Latest Research on Pathogenic Bacteria: Jan – 2020

Guide to plant pathogenic bacteria.

In the first section of this comprehensive reference full information on nomenclature, synonymy, characteristics, type cultures, host ranges, symptoms and geographical distribution is presented for > 2000 bacterial names (45 gen.), arranged alphabetically. within the second section a host-pathogen index including c. 2500 host plants is provided. A bibliography of frequently cited references is appended. [1]

Iron Metabolism in Pathogenic Bacteria

The ability of pathogens to get iron from transferrins, ferritin, hemoglobin, and other iron-containing proteins of their host is central as to if they live or die. To combat invading bacteria, animals enter an iron-withholding mode and also use a protein (Nramp1) to get reactive oxygen species in an effort to kill the pathogens. Some invading bacteria respond by producing specific iron chelators—siderophores—that remove the iron from the host sources. Other bacteria believe direct contact with host iron proteins, either abstracting the iron at their surface or, like heme, taking it up into the cytoplasm. The expression of an outsized number of genes (>40 in some cases) is directly controlled by the prevailing intracellular concentration of Fe(II) via its complexing to a regulatory protein (the Fur protein or equivalent). during this way, the biochemistry of the bacterial cell can accommodate the challenges from the host. Agents that interfere with bacterial iron metabolism may prove extremely valuable for chemotherapy of diseases. [2]

Biosensors for detection of pathogenic bacteria

This paper presents an summary of various physicochemical instrumental techniques for direct and indirect identification of bacteria such as: infrared and fluorescence spectroscopy, flow cytometry, chromatography and chemiluminescence techniques as a basis for biosensor construction. A discussion of publications handling emerging biosensors for bacterial detection is presented. The review presents recent advances within the development of other enzyme- and immunosensors for detection of pathogenic bacteria during a sort of fields (e.g. clinical diagnostics, food analysis and environmental monitoring). counting on the biological element employed: enzyme; macromolecule and antibody based biosensors are discussed. [3]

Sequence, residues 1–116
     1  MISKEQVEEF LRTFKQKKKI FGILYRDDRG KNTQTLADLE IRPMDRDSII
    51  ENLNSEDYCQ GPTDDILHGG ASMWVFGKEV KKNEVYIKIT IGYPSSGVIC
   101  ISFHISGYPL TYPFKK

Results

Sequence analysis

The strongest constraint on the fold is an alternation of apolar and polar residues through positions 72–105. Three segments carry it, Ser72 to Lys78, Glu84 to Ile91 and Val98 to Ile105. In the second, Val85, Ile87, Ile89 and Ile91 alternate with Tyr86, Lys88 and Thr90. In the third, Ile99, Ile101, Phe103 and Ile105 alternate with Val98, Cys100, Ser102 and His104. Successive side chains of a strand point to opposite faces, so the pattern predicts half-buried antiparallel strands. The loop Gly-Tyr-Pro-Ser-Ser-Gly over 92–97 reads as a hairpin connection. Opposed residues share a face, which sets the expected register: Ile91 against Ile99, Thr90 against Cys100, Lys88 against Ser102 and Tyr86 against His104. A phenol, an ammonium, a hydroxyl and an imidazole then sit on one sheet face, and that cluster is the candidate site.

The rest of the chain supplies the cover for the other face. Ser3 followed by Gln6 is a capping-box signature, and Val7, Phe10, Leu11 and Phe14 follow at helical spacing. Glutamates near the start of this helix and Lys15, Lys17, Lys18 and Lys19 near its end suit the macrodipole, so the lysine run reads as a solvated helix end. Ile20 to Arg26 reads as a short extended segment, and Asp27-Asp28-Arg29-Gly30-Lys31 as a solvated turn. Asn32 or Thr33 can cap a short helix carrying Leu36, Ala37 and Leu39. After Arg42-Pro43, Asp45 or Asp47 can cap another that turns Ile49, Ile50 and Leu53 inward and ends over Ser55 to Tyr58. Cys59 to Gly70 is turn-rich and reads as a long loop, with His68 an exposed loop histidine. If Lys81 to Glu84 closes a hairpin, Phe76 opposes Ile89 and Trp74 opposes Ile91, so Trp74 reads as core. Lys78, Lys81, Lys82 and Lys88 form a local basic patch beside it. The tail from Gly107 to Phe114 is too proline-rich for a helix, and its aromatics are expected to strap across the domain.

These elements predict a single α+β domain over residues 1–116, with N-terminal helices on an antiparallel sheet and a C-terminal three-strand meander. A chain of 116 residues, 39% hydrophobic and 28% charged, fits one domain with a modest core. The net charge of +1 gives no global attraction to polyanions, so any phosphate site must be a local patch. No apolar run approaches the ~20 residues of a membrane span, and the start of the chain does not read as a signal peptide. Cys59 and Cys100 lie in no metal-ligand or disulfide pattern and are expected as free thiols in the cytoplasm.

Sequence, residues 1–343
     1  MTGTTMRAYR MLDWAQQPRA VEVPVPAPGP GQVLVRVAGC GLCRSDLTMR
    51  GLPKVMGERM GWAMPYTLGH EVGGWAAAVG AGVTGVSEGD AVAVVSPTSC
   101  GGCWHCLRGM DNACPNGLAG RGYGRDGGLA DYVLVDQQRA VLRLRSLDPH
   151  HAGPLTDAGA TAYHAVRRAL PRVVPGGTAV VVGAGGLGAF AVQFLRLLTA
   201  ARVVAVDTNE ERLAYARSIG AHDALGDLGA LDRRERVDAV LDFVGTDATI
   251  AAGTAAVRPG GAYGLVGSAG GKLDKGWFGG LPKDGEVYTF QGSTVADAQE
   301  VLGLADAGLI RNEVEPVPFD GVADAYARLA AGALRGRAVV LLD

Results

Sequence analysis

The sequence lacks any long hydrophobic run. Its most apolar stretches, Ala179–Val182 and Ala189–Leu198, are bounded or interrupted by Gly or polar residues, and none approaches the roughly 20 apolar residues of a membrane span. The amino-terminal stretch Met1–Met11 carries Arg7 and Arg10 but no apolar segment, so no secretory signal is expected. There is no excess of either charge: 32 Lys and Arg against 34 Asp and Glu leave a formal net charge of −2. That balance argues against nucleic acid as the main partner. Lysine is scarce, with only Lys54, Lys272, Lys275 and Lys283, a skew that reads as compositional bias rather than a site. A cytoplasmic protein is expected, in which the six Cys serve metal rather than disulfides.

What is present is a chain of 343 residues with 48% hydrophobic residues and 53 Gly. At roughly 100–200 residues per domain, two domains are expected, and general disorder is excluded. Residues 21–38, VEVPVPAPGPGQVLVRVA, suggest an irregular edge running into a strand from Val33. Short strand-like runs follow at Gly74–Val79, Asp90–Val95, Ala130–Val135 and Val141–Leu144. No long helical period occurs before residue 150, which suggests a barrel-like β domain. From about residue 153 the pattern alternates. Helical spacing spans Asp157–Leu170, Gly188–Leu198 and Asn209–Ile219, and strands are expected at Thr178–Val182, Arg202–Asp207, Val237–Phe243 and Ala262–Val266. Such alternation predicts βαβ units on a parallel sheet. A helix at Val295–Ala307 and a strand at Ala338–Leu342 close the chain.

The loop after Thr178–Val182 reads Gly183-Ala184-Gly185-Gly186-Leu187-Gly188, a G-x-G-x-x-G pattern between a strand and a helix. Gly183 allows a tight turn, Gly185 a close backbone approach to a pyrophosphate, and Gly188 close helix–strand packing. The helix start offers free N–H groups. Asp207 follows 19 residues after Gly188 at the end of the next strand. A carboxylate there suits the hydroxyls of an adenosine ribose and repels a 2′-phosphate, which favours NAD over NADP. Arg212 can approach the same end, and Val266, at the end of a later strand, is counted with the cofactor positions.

Dissemination prevention of antibiotic resistant and facultative pathogenic bacteria by ultrafiltration and ozone treatment at an urban wastewater treatment plant

Conventional wastewater treatment isn’t sufficient for the removal of hygienically relevant bacteria and achieves only limited reductions. This study focuses on the reduction efficiencies of two semi-industrial ultrafiltration units operating at an outsized scale municipal wastewater treatment plant. In total, 7 clinically relevant antibiotic resistance genes, along side 3 taxonomic gene markers targeting specific facultative pathogenic bacteria were analysed via qPCR analyses before and after advanced treatment. In parallel with membrane technologies, an ozone treatment (1 g ozone/g DOC) was performed for comparison of the various reduction efficiencies. Both ultrafiltration units showed increased reduction efficiencies for facultative pathogenic bacteria and antibiotic resistance genes of up to six log units, resulting mostly during a strong reduction of the bacterial targets. [4]

Antimicrobial Activity of Pleurotus squarrosulus on Clinical Pathogenic Bacteria and Fungi

Aim: to guage the antimicrobial activities of Pleurotus squarrosulus mushroom extracts on bacterial and fungal isolates.

Study Design: Pleurotus squarrosulus was obtained from different sources in Umuahia North government, Abia state, Nigeria and identified within the Department of botany, University of Nigeria, Nsukka.

Place and Duration of Study: Antimicrobial activities of Pleurotus squarrosulus was administered within the department of microbiology between January 2016 and August 2016

Methodology: Pleurotus squarrosulus was extracted using ethanol, methanol and aqueous. Antimicrobial susceptibility tests were administered by agar disc diffusion technique using National Committee of Clinical Laboratory Standard. Qualilative phytochemical analysis was administered using standard methods. [5]


[1] Bradbury, J.F., 1986. Guide to plant pathogenic bacteria. CAB international. (Web Link)

[2] Ratledge, C. and Dover, L.G., 2000. Iron metabolism in pathogenic bacteria. Annual reviews in microbiology, 54(1), (Web Link)

[3] Ivnitski, D., Abdel-Hamid, I., Atanasov, P. and Wilkins, E., 1999. Biosensors for detection of pathogenic bacteria. Biosensors and Bioelectronics, 14(7), (Web Link)

[4] Dissemination prevention of antibiotic resistant and facultative pathogenic bacteria by ultrafiltration and ozone treatment at an urban wastewater treatment plant
Norman Hembach, Johannes Alexander, Christian Hiller, Arne Wieland & Thomas Schwartz
Scientific Reports volume 9, (Web Link)

[5] U. Kalu, A. and C. Kenneth, O. (2017) “Antimicrobial Activity of Pleurotus squarrosulus on Clinical Pathogenic Bacteria and Fungi”, Journal of Advances in Microbiology, 4(3), (Web Link)

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